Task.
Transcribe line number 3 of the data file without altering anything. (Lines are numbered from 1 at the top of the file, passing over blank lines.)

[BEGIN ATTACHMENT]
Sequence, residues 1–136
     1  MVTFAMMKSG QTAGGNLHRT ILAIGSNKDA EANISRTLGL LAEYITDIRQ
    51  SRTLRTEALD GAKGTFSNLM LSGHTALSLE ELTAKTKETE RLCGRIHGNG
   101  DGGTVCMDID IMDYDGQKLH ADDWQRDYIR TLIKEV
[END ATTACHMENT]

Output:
    51  SRTLRTEALD GAKGTFSNLM LSGHTALSLE ELTAKTKETE RLCGRIHGNG